HARVARD ECONOMIC STUDIES
Cover: Secrecy and the Arms Race in HARDCOVER

Harvard Economic Studies 125

Secrecy and the Arms Race

A Theory of the Accumulation of Strategic Weapons and How Secrecy Affects It

Currently unavailable

Product Details

HARDCOVER

$33.00 • £26.95 • €29.50

ISBN 9780674796652

Publication Date: 01/01/1965

Short

240 pages

152 charts

Harvard Economic Studies

World

Martin McGuire has written for the specialist and the concerned layman a highly original and valuable contribution to our understanding of the arms race, based upon economic theory in general and the theory of economic duopoly in particular. He calls attention to the fact that when two world powers face each other with massive allocations of resources for arms, and when each regards the other as the major, if not the sole, threat to its own security, the question of accurate information about the strength and intentions of the adversary arises for each side in many and various ways. As a result, this study is a pioneering, analytic effort to approach the value of keeping secrets from or of obtaining information about an enemy.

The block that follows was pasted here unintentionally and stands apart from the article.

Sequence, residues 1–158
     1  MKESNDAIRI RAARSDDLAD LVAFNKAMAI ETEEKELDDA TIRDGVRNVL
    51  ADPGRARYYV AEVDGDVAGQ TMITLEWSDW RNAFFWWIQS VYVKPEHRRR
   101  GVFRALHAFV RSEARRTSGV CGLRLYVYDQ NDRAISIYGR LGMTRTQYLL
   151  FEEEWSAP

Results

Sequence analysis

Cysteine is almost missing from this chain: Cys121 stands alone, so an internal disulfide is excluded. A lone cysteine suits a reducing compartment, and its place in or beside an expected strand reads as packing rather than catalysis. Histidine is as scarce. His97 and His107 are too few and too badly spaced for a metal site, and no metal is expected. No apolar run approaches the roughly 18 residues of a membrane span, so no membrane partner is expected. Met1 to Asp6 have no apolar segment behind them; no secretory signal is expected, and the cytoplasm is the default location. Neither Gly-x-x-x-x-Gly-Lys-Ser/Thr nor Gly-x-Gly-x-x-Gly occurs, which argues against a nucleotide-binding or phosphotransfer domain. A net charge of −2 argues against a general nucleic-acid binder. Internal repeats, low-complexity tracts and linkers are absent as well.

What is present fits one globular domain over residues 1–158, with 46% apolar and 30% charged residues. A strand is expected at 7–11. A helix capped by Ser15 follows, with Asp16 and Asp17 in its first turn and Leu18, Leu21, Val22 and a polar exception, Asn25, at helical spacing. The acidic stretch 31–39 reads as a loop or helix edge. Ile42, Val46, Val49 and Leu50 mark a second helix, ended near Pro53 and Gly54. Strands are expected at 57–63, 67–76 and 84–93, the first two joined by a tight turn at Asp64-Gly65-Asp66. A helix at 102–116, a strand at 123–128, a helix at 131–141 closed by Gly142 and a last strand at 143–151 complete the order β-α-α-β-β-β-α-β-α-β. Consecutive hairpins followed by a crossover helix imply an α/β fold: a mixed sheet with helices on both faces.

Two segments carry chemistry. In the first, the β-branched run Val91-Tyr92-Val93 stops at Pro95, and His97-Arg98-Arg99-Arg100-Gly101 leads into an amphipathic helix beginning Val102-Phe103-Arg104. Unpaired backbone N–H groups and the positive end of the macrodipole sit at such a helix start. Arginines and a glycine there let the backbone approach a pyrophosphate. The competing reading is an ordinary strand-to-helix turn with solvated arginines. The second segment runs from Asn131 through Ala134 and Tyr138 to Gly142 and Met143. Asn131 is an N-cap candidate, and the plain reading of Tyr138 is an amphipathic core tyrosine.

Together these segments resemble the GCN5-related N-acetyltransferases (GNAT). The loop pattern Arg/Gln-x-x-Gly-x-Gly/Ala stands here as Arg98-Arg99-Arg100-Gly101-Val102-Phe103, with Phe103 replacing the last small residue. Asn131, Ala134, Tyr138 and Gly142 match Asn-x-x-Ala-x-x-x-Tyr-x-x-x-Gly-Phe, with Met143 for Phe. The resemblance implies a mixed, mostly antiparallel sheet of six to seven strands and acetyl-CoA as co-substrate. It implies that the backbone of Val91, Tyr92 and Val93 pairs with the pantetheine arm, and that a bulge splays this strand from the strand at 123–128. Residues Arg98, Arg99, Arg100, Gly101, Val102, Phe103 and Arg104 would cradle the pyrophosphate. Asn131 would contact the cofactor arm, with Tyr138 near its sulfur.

The author is concerned with such questions as: what is the loss in being only 50 percent confident rather than certain that the adversary doesn’t have more X missiles or missiles of yield W megatons or of accuracy C thousand feet? Should one insist on being 95 percent sure when bargaining for arms control? How can a side compensate for its uncertainty most efficiently? An understanding of these problems can not only increase our security; it may help as well to contain or control the entire two-sided race.

Recent News

Black lives matter. Black voices matter. A statement from HUP »

From Our Blog

Cover: A Theory of Justice: Original Edition, by John Rawls, from Harvard University Press

John Rawls: Speaking in a Shared Political Language

On the occasion of the anniversary of the publication of A Theory of Justice, Andrius Gališanka, author of John Rawls: The Path to a Theory of Justice, reflects on some of Rawls’s ideas on moral and political reasoning